# Combinatorics, 72 groups of 4.

I’m doing an exercise where I simulate a cohort of 288 students and sort them into different groups. For one of the questions, my task is to place the entire cohort into 72 groups of 4, simulating their homework groups. Using code I’ve done this easily enough, however, I’m having trouble with the follow-up question. It asks how many different ways of sorting the 288 students into these 72 groups exist.

My immediate thought was to use the multinomial coefficient, I got a very large answer: $${n\choose n_1,n_2,…,n_{72}}= \frac{n!}{n_1!n_2!…n_{72}!}= \frac{288!}{(4!)^{72}}\approx 3.03\times 10^{485}$$ using wolframAlpha’s calculator. I’m unsure of whether this is the answer my lecturers are looking for or whether I’ve made a mistake somewhere. The follow-up questions ask for probabilities of specific events with trivially small answers due to the large sample space of choices. I’d appreciate any help with this or points in the right direction. Maybe I’m just overthinking and it is supposed to be that large.

Edit: Some useful comments have helped me realise that my answer is true if the order of the groups themselves matters. The question itself is slightly ambiguous on this point as it doesn't mention how we should treat the groups, however, given the fact that the groups are numbered and are simulating groups of students who take simulated tests, I am assuming that the order of said groups does indeed matter.

Also, I should clarify what I meant when I spoke about the follow-up questions. One such question goes "What is the probability that a student ends up in the exact same homework group (one of the 72 groups of 4) as the other people from their report group (report group: a separate group formed by splitting the cohort into 16 groups of 18(labs), then, and within these labs, students are further split into 6 groups of 3, which are labelled 'A to F' and exist within each lab)?"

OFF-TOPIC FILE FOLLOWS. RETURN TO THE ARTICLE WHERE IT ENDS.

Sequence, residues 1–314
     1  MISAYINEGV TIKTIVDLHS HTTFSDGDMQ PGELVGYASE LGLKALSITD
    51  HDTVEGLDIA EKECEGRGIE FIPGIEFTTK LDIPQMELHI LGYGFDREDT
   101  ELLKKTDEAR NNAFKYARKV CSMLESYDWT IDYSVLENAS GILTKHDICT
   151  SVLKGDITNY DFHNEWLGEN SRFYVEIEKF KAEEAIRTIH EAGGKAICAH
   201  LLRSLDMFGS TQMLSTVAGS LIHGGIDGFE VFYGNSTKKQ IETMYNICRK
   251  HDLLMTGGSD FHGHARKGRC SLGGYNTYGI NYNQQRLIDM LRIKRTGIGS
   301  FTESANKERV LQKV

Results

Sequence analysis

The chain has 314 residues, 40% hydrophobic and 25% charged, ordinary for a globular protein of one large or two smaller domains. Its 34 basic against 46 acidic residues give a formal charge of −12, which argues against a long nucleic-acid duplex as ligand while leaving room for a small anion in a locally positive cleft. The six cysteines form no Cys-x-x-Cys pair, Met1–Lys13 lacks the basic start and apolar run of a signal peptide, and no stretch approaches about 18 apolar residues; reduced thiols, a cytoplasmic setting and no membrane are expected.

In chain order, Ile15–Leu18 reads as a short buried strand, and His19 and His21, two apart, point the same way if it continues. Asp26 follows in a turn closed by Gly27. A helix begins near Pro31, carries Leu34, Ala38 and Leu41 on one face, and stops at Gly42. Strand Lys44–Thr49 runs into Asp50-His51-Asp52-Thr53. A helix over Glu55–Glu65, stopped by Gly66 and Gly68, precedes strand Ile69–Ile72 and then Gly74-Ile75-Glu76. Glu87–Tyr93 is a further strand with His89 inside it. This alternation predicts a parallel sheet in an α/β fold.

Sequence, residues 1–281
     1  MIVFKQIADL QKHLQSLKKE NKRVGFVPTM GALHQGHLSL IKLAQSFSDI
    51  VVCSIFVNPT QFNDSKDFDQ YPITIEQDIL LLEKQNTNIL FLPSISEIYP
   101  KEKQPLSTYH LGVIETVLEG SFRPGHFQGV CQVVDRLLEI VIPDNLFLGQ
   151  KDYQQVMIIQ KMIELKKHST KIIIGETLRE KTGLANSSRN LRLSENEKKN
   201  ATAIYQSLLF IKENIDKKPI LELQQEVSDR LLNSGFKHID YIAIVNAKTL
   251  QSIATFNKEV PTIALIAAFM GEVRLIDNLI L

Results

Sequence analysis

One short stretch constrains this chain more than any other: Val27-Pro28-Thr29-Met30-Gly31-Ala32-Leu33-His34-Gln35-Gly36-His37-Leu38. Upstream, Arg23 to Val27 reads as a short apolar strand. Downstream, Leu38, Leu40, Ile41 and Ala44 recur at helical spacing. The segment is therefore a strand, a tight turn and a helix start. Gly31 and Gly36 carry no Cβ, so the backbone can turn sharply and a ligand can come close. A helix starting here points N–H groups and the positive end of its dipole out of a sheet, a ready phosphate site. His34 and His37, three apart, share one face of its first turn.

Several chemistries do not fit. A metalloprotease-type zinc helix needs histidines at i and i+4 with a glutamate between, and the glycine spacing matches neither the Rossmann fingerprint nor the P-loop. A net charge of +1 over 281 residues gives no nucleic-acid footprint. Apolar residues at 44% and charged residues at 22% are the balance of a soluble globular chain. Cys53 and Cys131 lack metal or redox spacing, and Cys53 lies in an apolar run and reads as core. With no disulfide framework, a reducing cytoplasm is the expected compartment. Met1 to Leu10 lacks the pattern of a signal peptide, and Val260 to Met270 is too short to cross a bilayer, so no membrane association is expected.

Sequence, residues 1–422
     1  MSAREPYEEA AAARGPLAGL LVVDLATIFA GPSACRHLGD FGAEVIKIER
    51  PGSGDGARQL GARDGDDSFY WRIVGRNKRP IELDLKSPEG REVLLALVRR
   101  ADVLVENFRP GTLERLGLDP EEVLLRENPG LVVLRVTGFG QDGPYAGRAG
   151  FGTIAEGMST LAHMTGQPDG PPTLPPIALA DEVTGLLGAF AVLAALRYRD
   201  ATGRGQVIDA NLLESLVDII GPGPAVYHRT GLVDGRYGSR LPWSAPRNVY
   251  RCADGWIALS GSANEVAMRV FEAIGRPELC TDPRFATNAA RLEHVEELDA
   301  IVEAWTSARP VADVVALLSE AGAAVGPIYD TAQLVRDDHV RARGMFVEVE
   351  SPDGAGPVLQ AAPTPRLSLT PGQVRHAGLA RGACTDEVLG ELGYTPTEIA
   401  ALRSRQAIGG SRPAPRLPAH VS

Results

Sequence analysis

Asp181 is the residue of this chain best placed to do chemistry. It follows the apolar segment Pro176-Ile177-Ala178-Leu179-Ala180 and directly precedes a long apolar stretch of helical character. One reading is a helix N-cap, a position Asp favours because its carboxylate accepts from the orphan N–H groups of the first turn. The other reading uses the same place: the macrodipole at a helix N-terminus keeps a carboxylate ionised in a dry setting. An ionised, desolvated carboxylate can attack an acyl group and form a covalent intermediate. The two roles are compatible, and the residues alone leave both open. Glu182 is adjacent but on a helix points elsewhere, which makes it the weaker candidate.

For this follow-up question, as each report pod has 3 members, 2 not including the student in question, then, each homework group that satisfies the condition in the question must contain the entire report pod and then there are 285 candidates for the fourth member. I thought that the number of ways we could choose a homework group in this way was $$288*285$$ - 288 candidates for the student in question and then there are only 285 further choices to make given we fix the report pod into the homework group. Then, assuming each way of choosing the homework groups is equally likely, I deduce the probability of the event as $$\frac{82080}{3.03\times 10^{485}}$$ which is extremely small.

The final follow-up asks what the expected number of students in one of the groups of 18 with at least one fellow student from their homework group(one of the 72 groups of 4, chosen independently of the other groups) that was also in their report pod(a group of 3 students within the same group of 18.

As you can see, near-zero probabilities don't help me much when dealing with the second follow-up, unless I'm just calculating the probability itself in the completely wrong way. However, I'm not sure how else to think about it.

Thank you!

• Are the groups numbered in advance? If not, then you should also divide by $72!$, which still leaves you with a big number of course.
– lulu
Jan 29 at 17:07